Resources for Dealing with the Impacts of Natural Disasters and Disaster Readiness
August 29, 2019
FSSA InPrint Magazine
Click here for the most recent edition of InPrint that contains relevant legal, insurance and other hurricane related articles.
National Self Storage Association - SSA
Click here for a library of disaster readiness resources and articles.
When Disaster Strikes - 2018
Click here for an article on a panel of speakers discussing how to deal with a disaster at the 2018 SSA Spring Conference in Orlando.
Florida and Georgia Operators Reminded of Pricing Requirements During States of Emergency
With Hurricane Dorian projected to hit the southeastern U.S. coast soon, it is important for self storage operators in the potentially affected areas to be aware of their state’s laws related to price increases during a state of emergency. Although few businesses would intentionally raise their rates because of a natural disaster, the laws may affect your ability to implement even standard rate increases during a state of emergency. Read below for more details on the laws in Florida and Georgia. At the time of this writing, South Carolina has not declared a state of emergency.
On August 29, Florida Governor Ron DeSantis declared a state of emergency covering the entire state. Florida’s law against price gouging states that, “it is unlawful . . . for any person to impose unconscionable prices for the rental or lease of any . . . self-storage facility during a period of declared state of emergency.” Unlike some states, Florida’s law against price gouging does not provide a specific amount or percentage increase that is deemed unconscionable. A price may be considered unconscionable if there is a “gross disparity” between the price during the state of emergency and the average price during the 30 days immediately prior to the declaration of the state of emergency. The law provides an exception for a price increase that is “attributable to additional costs incurred in connection with the . . . rental or lease of any . . . self-storage facility, or regional, national, or international market trends[.]”
The state of emergency in Florida may last up to 60 days but may be amended, lifted, or extended at any time.
On August 29, Georgia Governor Brian Kemp declared a state of emergency in the following counties: Brantley, Bryan, Camden, Charlton, Chatham, Effingham, Glynn, Liberty, Long, McIntosh, Pierce, and Wayne. The Governor’s executive order invokes the state’s law against price gouging for “goods and services necessary to support . . . preparation, response, and recovery activities.” Although self storage is not expressly mentioned, it is advisable for self storage operators to ensure compliance with the state’s law against price gouging.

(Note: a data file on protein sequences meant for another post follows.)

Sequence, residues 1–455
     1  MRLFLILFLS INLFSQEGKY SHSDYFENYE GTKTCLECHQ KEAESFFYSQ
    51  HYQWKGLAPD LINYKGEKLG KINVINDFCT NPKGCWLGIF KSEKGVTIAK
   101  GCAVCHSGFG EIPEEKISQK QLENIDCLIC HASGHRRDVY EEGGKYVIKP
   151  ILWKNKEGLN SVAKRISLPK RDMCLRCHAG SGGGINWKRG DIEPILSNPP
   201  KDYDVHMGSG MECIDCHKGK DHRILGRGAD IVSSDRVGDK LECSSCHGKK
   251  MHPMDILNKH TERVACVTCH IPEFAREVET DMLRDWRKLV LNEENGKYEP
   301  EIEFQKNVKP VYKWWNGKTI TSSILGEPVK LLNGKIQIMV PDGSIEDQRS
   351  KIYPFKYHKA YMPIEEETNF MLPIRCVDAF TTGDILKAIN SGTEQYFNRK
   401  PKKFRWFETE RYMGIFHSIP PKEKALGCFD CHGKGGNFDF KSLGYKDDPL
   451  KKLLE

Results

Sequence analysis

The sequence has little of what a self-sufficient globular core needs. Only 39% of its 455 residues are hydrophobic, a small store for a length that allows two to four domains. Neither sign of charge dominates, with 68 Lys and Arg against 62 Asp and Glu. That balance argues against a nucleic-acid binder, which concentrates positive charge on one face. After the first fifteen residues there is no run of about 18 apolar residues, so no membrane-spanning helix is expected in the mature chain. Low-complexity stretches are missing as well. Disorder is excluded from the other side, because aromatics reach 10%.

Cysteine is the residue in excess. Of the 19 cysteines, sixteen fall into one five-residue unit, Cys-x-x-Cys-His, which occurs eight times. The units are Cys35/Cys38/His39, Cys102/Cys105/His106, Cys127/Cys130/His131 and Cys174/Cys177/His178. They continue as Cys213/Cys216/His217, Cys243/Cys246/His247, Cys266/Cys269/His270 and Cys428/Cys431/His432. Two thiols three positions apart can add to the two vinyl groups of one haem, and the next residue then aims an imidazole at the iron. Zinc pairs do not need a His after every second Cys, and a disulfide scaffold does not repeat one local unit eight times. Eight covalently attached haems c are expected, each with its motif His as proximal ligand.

Generally, the law prohibits businesses from selling or offering to sell goods or services “at a price higher than the price at which such goods were sold or offered for sale immediately prior to the declaration of a state of emergency.” However, the law allows for price increases “only in an amount which accurately reflects an increase in cost of the goods or services to the person selling the goods or services.” Moreover, the price of goods or services may be increased during a state of emergency “if the price charged for those goods or services is no greater than the cost to the retailer of those goods or services, plus the retailer’s average markup percentage applied during the ten days immediately prior to the declaration of a state of emergency.”
The state of emergency in Georgia is currently in effect through September 9, 2019 but may be amended, lifted, or extended at any time.
Please email Joe Doherty with any questions.
February 12, 2019
Update: Hearing on Miami-Dade Ordinance Delayed
The hearing on the harmful Miami-Dade paint ordinance has been delayed. Following sustained opposition from the self storage community, the Miami-Dade Commissioner sponsoring the ordinance agreed to a voluntary deferral (for now). The SSA and Florida SSA expect meetings with the Commissioner shortly, with a rescheduled hearing possible in March. Stay tuned to your email, floridassa.org, and selfstorage.org for further updates and opportunities to voice your opposition. Thank you to the SSA/FSSA’s members who contacted us and planned to become involved in this unwarranted threat.
The last 10 years have brought significant changes to self storage lien laws. Forty-nine states now have such laws, with Alaska still living up to its nickname of the Last Frontier. Much of the industry’s focus lately has been on modernizing laws adopted in the 1970s, ’80s, and ’90s to account for technological and operational changes that have come along since the laws’ initial adoption.
The significance of these laws cannot be overstated. They provide a non-judicial process for operators to enforce lien rights when a tenant fails to pay and often provide additional statutory protections for common provisions in rental agreements. Many industries would love to have laws that permit them to expeditiously enforce their rights. Imagine for a moment if you had to file a lawsuit every time you wanted to enforce your lien rights—as a Louisiana state senator tried to force on operators in her state earlier this year. The industry would look dramatically different if not for self storage lien laws.
Why has the industry had so many legislative successes? Because we are fortunate to have a dedicated group of members and state associations working alongside SSA’s staff to pursue the modernization of these lien laws, the adoption of tenant insurance licensing for self storage businesses, and several other legislative and regulatory efforts for our industry.